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Trump Picks Retired Marine Corps Gen. Mattis As Defense Secretary


President-elect Trump resumed campaign-style rallies last night, appearing in Cincinnati. And he told supporters he was going to share a secret.


DONALD TRUMP: We are going to appoint Mad Dog Mattis...


TRUMP: ...As our secretary of defense.


TRUMP: But we're not announcing it till Monday, so don't tell anybody.

INSKEEP: So there you go. You got the inside information. It's under wraps till Monday. Mad Dog Mattis - that's Marine General James Mad Dog Mattis. NPR Pentagon correspondent Tom Bowman has known him for some time. He's in our studios. Good morning, Tom.

TOM BOWMAN, BYLINE: Good morning, Steve.

INSKEEP: Who is James Mattis?

BOWMAN: Well, Steve, he really is a living legend in the Marine Corps, and I don't use that term lightly. He's known for his fighting ability and his famous sayings, like no better friend, no worse enemy. He would tell his Marines be polite and professional but have a plan to kill everyone you meet. Now, Mattis led the Marines into Baghdad back in 2003, and he relieved an officer for not being aggressive enough. As far as I know, it was the only commander relieved from duty for that, for not being aggressive enough. And Mattis was portrayed in the HBO series "Generation Kill," and here's a scene where he basically complains to this officer.


ROBERT JOHN BURKE: (As General James Mattis) This is just a [expletive] side show. You had 7,000 Marine riflemen who have been ready to go for the past 24 hours and you're standing here with your foot in your [expletive]. No. Check that. Not your [expletive]. My [expletive].

INSKEEP: OK, so that's dramatized, but is that kind of how Mattis may talk from time to time?

BOWMAN: Yes, in the real world - and that scene actually did happen. He did relieve that colonel. He did have words with him - some salty words, clearly. And so he actually did relieve him. But Mattis, you know, is also not just a blood-and-guts kind of guy. He's also a scholar. He has a library of thousands of volumes, including some of the classics. He's been known to carry "The Meditations Of Marcus Aurelius" with him into combat.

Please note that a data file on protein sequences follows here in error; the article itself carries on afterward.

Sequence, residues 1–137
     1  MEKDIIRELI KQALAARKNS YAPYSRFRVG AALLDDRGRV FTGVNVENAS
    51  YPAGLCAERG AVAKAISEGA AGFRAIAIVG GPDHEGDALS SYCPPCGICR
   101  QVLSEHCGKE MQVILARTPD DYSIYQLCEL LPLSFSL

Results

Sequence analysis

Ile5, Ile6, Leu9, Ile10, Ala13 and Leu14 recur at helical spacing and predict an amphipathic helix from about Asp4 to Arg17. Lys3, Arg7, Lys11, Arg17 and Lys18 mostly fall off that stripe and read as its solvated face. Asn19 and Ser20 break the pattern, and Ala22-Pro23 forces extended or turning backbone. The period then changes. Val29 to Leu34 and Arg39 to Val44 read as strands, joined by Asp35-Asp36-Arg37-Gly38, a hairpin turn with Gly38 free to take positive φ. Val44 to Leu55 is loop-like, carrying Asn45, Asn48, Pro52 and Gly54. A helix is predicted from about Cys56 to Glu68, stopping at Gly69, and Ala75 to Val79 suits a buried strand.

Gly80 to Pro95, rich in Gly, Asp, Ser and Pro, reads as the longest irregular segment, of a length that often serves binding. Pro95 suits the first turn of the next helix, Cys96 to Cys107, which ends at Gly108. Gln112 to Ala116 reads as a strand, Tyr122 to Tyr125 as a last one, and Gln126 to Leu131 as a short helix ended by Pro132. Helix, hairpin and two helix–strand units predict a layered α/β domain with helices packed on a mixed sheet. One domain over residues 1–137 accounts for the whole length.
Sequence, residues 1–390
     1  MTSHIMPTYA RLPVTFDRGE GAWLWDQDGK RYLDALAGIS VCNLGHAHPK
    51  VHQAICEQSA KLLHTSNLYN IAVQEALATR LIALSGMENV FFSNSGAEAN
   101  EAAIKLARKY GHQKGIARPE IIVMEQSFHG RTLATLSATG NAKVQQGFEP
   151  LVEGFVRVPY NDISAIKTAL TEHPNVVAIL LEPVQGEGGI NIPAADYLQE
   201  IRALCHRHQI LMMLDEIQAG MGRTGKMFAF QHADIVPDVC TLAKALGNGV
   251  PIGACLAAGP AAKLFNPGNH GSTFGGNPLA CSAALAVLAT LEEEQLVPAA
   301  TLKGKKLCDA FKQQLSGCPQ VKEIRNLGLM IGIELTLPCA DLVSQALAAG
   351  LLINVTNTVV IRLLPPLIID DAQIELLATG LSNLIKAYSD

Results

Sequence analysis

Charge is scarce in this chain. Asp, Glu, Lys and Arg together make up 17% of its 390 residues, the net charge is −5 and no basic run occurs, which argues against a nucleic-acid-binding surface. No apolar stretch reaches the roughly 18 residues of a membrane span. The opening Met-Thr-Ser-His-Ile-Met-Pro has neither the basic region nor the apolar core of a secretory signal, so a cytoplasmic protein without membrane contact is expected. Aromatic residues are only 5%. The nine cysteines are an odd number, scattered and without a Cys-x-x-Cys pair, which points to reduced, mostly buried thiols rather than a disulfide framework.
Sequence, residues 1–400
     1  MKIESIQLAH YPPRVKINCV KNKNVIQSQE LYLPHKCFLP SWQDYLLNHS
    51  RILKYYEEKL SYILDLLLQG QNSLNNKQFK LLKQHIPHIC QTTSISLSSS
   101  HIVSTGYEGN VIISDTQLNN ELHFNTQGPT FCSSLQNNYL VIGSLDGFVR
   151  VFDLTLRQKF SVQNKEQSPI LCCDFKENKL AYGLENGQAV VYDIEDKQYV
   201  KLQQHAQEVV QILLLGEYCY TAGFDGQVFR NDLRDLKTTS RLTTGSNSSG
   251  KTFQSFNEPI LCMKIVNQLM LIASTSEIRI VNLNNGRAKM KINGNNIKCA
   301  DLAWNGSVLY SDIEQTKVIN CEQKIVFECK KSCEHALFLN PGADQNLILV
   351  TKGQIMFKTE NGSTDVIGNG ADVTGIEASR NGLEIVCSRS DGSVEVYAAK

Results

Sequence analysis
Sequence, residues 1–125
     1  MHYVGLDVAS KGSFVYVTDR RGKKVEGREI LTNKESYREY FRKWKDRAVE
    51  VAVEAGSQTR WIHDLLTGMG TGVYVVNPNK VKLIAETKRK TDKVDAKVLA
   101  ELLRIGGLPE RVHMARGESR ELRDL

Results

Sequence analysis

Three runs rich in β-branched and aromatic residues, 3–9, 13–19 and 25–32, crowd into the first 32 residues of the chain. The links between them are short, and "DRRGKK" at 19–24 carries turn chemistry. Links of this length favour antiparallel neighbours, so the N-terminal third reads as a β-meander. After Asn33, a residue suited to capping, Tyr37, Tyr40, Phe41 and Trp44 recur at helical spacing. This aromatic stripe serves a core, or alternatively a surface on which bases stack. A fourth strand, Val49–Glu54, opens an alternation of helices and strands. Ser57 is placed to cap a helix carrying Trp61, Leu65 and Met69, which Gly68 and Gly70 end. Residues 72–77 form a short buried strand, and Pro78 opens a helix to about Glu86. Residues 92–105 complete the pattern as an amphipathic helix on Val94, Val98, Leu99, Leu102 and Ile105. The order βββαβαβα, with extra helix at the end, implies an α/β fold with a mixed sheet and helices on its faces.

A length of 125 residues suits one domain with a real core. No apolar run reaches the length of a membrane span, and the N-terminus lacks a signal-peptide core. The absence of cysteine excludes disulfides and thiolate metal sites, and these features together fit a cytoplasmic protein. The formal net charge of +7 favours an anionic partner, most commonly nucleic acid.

INSKEEP: This is a Roman emperor who was also considered kind of a philosopher.

BOWMAN: Exactly.

INSKEEP: All right.

BOWMAN: And besides Mad Dog, he's also known as the warrior monk.

INSKEEP: The warrior monk.

BOWMAN: Right.

INSKEEP: OK, so a thoughtful guy...

BOWMAN: Right.

INSKEEP: ...As well as as a tough guy. But there is one concern that's been raised here, and that is there's supposed to be civilian control of the military in the United States - vital principle. And when the Department of Defense was established, they also established a law saying any secretary of defense, if he's been in the military in the past, needs to have been out for seven years. Mattis hasn't been - less than four years. Is that a big deal?

BOWMAN: Well, I don't think it will be a big deal on the Hill. He has a great deal of support on the Hill from both Democrats and Republicans.

INSKEEP: And they could grant a waiver of the seven-year rule.

BOWMAN: Well, it's going to be necessary to get this waiver from the Hill before he takes the job. But, you know, some are concerned about it. Democratic Senator Kirsten Gillibrand of New York has come out against him, saying civilian control of the military is very important. And some people I talked with at the Pentagon, Steve, who like Mattis and would love to work for him, they're a bit wary about this, too. They say, you know, it's maybe not a good idea to have a recently retired general running this place - again, civilian control of the military.